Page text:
These alarming noises are being heard in places starting from the Middle East to East Midlands and various other places. Mysterious and unusual sound have terrified the residents of 64 regions.
People throughout Adelaide in South Australia were shaken by the loud sounds along with a pair of seismic tremors.
Earthquakes have been ruled out by US Geological Survey, which reportedly said that it noted the booms and were sure the sounds were not a result of a quake.
As per reports, the latest one was heard in Alabama and Idaho in the USA last week.
The Birmingham National Weather Service says in a tweet that they have heard loud boom but have not seen anything indicating large fire/smoke on radar or satellite, nothing on USGS indicating an natural disaster. But NASA has since cast skepticism on these explanations. ABC 3340 quoted head of the organisation's Meteoroid Environment Office as saying that the sound could "have been caused by a supersonic aircraft, a ground explosion, or a bolide - a large meteor that explodes in the atmosphere unrelated to the Leonid shower".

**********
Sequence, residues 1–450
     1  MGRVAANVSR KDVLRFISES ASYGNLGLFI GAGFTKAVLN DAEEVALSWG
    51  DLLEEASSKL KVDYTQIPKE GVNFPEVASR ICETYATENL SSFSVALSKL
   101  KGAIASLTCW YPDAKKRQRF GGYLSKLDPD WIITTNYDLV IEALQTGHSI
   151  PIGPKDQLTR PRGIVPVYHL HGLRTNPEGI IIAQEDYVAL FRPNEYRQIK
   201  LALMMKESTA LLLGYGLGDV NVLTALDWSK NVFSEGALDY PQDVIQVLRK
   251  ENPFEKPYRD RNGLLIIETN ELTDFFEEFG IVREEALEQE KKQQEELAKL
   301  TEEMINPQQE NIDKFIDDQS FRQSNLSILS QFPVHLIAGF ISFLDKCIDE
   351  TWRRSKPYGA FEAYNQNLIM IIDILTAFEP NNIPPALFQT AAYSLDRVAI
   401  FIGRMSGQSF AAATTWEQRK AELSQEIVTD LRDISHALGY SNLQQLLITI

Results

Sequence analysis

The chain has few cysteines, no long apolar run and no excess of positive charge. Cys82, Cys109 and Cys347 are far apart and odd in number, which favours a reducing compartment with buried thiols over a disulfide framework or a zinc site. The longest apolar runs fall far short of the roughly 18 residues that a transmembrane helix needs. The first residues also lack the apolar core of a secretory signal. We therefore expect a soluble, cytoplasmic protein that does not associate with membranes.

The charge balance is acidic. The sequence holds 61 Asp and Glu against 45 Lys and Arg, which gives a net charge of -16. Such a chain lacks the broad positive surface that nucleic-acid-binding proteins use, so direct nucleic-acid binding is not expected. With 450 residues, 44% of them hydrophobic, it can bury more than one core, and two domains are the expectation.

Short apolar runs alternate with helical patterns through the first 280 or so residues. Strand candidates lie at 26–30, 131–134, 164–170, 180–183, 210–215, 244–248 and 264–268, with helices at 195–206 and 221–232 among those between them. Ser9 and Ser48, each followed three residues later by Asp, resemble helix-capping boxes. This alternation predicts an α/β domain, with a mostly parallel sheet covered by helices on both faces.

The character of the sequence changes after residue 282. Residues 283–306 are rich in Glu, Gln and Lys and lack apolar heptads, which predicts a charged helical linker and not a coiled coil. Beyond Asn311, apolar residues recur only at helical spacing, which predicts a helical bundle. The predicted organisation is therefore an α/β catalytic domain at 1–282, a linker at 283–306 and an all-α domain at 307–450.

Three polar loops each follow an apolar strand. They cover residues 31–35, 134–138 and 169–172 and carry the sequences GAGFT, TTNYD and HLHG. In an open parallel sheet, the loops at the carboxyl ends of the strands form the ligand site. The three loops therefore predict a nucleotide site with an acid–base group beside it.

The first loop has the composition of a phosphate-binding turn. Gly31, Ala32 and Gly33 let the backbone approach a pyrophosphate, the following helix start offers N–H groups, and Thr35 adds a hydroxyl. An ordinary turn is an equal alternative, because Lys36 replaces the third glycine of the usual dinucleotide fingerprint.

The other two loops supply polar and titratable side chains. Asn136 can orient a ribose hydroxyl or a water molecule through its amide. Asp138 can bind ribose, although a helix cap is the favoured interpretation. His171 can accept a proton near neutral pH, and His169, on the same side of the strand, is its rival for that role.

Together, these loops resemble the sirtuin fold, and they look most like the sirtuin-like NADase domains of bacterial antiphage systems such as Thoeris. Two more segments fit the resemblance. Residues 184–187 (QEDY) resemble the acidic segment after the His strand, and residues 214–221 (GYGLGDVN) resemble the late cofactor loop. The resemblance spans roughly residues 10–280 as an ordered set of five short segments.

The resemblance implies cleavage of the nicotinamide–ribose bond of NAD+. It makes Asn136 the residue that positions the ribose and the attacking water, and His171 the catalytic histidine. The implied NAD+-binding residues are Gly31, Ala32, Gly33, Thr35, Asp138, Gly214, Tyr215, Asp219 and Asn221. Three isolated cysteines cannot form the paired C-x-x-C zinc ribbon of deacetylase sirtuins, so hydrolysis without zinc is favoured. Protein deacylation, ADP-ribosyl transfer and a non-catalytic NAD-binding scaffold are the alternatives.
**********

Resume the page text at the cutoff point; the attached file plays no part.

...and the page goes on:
People from all across the world are baffled by the recent series of booming sounds being experienced at various corners of the globe.
US Geological Survey also picked up the noise, noting that it was not due to an natural disaster.
In the Colorado incident, both the Federal Aviation Administration and the Buckley Air Force Base have confirmed that they were not carrying out any operation that could have caused the boom.
While the booms have been heard at least 64 times in cities and towns across the United States, experts are still struggling to explain what causes them. Areas around Michigan, Lapland, St Ives, Swansea and Yorkshire have all recorded the mysterious "Bama Booms".
The booming noise in Cairns was associated with an FA-18 Hornet Plane flying nearby, but just two weeks later a similar boom was heard around the Eyre Peninsula located in the Southern periphery of Australia.
One of the locals told News Corp that the meteor got bigger and bigger.
NASA's meteor scientists will continue to analyze the whole data and try to reach some conclusion determining the causes of these booms.